What Are the Issues in Using Trade Agreements for Improving International Labor Standards?
|dc.contributor.author||Stern, Robert M.|
|dc.contributor.author||Brown, Andrew G.|
|dc.description.abstract||This paper addresses the issues of whether the linking of core labor standards with multilateral or bilateral trade agreements is an effective way of promoting the improvement of labor standards. We review the determinants of core labor standards over time and conclude that efforts to improve these standards have to be tailored to the economic and social circumstances prevailing in a country at a specific time. Legalistic means to prod governments into revising their domestic laws or enforcing them will therefore be unsuccessful unless economic incentives can be changed to erode prevailing social norms and ease the way for the acceptance of new norms that will meet with public approval and be consonant with the distribution of political power. Moral suasion from both domestic and external sources may work more slowly than more legalistic means but is preferred because it contributes to altering the social norms that underlie and will reinforce the acceptance and effectiveness of labor standards.||en_US|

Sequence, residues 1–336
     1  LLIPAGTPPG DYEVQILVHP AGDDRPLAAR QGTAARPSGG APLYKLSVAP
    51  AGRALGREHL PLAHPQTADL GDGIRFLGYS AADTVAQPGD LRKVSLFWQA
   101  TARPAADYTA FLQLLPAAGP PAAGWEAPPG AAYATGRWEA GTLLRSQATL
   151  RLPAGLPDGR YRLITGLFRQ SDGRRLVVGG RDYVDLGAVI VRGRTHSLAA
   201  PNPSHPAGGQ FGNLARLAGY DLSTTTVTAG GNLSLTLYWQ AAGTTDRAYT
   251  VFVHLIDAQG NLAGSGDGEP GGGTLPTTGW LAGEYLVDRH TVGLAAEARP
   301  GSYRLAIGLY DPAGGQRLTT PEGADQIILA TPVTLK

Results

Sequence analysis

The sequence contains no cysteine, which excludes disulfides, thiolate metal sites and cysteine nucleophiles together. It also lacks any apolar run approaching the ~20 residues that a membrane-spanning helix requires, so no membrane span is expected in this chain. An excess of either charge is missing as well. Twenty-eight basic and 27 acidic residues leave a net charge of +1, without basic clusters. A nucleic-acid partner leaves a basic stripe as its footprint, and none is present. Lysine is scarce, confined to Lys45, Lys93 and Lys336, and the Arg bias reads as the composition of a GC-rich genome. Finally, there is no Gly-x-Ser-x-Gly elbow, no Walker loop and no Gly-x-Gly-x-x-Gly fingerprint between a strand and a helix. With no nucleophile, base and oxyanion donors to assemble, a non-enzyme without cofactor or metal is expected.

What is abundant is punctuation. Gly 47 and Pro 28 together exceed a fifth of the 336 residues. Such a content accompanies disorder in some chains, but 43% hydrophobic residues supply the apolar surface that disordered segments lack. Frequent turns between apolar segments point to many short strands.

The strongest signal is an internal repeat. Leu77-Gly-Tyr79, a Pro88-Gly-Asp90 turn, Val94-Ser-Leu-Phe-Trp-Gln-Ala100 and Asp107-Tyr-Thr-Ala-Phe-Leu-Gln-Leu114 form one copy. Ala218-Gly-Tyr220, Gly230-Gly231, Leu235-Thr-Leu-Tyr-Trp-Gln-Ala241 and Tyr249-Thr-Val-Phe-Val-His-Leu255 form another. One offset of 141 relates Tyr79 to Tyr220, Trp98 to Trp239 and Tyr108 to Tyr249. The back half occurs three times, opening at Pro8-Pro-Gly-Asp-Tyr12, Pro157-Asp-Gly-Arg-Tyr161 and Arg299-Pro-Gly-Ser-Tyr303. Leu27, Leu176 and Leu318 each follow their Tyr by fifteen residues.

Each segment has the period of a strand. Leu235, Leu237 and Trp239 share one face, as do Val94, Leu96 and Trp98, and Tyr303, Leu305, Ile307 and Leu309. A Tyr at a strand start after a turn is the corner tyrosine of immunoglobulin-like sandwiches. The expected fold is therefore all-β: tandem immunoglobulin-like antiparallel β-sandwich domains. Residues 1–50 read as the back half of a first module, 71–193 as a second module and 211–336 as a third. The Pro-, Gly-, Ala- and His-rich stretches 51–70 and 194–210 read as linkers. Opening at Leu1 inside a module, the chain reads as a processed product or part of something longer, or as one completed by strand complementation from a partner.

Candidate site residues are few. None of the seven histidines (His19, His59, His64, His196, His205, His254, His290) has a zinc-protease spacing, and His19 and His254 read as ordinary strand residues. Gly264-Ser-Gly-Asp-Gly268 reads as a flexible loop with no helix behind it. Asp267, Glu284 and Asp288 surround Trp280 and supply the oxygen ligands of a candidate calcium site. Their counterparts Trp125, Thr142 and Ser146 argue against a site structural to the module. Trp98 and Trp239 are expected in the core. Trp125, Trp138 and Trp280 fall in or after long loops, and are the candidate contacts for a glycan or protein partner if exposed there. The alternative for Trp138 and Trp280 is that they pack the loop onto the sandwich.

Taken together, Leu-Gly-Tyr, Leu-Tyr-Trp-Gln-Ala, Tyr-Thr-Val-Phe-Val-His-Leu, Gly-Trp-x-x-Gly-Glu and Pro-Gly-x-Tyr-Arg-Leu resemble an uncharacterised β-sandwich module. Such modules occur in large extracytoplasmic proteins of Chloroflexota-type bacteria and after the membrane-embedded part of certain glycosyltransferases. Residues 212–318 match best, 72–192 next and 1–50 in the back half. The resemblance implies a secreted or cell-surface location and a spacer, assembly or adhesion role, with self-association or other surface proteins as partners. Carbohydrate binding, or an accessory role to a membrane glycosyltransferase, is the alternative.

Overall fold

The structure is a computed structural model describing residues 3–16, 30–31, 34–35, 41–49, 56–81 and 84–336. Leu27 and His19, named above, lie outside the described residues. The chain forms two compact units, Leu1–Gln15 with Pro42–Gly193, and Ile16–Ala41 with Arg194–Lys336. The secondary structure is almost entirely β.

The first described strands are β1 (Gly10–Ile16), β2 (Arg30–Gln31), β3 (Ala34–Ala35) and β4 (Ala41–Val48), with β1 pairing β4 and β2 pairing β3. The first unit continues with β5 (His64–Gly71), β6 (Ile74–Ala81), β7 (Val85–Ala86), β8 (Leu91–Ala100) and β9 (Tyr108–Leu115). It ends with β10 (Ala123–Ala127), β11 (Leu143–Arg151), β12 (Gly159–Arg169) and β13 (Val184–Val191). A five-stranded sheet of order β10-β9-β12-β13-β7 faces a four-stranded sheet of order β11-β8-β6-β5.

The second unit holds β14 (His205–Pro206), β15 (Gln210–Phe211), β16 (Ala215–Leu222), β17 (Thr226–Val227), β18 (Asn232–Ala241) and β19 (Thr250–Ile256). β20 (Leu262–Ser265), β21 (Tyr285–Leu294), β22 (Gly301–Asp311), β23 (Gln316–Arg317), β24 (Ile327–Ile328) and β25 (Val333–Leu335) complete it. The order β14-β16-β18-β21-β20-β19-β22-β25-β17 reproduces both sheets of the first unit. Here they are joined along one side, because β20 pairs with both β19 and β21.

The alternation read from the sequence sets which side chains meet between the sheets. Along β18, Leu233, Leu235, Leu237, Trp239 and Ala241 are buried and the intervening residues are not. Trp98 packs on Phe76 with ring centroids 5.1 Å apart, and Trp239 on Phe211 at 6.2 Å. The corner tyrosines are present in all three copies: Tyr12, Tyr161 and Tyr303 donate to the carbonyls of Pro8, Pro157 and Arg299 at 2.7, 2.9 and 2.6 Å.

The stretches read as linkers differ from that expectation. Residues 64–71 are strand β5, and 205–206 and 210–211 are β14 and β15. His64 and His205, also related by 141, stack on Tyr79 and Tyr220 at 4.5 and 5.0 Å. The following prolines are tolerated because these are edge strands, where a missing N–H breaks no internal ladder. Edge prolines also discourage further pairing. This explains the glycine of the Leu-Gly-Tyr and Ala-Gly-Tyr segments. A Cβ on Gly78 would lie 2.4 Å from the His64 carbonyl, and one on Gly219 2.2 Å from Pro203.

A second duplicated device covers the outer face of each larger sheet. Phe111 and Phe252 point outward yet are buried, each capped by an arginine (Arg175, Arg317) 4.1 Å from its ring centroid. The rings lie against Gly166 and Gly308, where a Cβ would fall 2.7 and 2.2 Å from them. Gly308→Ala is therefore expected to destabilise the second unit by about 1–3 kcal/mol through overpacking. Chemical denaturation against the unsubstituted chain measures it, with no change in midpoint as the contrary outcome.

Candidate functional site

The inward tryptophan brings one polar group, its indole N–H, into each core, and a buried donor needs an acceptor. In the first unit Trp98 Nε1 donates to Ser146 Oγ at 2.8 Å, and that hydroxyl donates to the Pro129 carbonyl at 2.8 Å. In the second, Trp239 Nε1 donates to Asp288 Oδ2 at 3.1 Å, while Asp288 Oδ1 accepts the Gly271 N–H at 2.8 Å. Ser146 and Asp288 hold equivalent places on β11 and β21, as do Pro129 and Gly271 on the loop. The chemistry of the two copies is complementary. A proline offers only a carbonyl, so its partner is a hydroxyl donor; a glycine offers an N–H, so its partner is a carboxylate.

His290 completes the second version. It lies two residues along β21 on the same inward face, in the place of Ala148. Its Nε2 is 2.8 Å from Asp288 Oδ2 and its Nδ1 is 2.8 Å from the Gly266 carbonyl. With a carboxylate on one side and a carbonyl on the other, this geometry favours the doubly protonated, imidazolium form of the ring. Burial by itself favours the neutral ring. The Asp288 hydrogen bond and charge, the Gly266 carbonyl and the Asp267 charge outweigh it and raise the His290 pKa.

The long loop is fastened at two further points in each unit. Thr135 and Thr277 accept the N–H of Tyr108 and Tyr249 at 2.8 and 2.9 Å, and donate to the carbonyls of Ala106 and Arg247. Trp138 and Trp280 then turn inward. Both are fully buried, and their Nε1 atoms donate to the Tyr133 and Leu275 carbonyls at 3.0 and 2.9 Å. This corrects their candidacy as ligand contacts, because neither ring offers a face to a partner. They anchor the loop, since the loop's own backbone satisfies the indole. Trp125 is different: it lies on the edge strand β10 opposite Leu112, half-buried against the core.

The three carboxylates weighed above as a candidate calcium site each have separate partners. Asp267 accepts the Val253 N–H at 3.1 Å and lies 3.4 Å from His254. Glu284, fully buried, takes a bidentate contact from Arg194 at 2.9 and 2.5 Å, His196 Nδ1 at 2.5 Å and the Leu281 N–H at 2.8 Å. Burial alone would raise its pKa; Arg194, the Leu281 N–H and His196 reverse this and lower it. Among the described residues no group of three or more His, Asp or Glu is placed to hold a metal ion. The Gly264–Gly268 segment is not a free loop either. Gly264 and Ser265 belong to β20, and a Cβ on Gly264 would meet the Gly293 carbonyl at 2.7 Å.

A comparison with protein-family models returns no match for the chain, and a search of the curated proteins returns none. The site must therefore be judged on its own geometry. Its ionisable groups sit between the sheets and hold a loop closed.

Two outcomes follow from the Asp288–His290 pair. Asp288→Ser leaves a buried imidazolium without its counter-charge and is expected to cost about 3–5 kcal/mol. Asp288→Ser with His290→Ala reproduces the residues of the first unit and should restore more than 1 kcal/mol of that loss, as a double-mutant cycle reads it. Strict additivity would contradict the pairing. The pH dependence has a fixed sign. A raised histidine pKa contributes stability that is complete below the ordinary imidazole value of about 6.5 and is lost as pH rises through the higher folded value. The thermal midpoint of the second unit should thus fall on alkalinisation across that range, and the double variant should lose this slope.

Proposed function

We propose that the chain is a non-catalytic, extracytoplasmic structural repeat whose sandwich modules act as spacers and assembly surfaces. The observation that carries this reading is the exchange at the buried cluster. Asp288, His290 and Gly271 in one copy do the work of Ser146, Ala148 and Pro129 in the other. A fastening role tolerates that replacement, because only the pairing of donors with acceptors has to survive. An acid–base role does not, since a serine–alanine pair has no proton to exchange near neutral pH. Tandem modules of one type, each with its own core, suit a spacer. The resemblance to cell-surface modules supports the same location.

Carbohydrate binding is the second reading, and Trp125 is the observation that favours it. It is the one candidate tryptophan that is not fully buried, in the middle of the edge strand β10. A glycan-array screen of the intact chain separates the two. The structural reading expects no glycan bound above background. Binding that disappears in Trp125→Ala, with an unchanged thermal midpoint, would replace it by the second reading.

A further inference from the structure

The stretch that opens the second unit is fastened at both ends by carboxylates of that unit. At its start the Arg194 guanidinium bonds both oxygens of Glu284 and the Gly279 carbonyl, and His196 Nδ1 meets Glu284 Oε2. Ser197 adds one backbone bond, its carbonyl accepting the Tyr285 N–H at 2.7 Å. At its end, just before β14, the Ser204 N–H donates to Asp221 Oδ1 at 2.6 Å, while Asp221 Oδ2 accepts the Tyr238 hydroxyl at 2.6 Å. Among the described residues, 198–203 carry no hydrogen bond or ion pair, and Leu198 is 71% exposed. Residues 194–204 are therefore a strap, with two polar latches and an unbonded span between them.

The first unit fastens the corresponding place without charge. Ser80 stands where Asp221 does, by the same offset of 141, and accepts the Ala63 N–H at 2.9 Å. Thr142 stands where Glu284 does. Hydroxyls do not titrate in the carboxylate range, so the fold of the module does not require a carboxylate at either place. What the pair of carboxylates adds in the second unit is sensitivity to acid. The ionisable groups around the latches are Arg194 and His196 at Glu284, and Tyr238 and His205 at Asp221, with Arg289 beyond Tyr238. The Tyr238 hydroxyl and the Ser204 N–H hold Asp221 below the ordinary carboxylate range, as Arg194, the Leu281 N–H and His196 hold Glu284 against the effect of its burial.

|dc.subject||International Labor Standards||en_US|
|dc.title||What Are the Issues in Using Trade Agreements for Improving International Labor Standards?||en_US|
|dc.contributor.affiliationum||International Policy Center (IPC); Gerald R. Ford School of Public Policy||en_US|
|dc.owningcollname||International Policy Center (IPC) - Working Paper Series|
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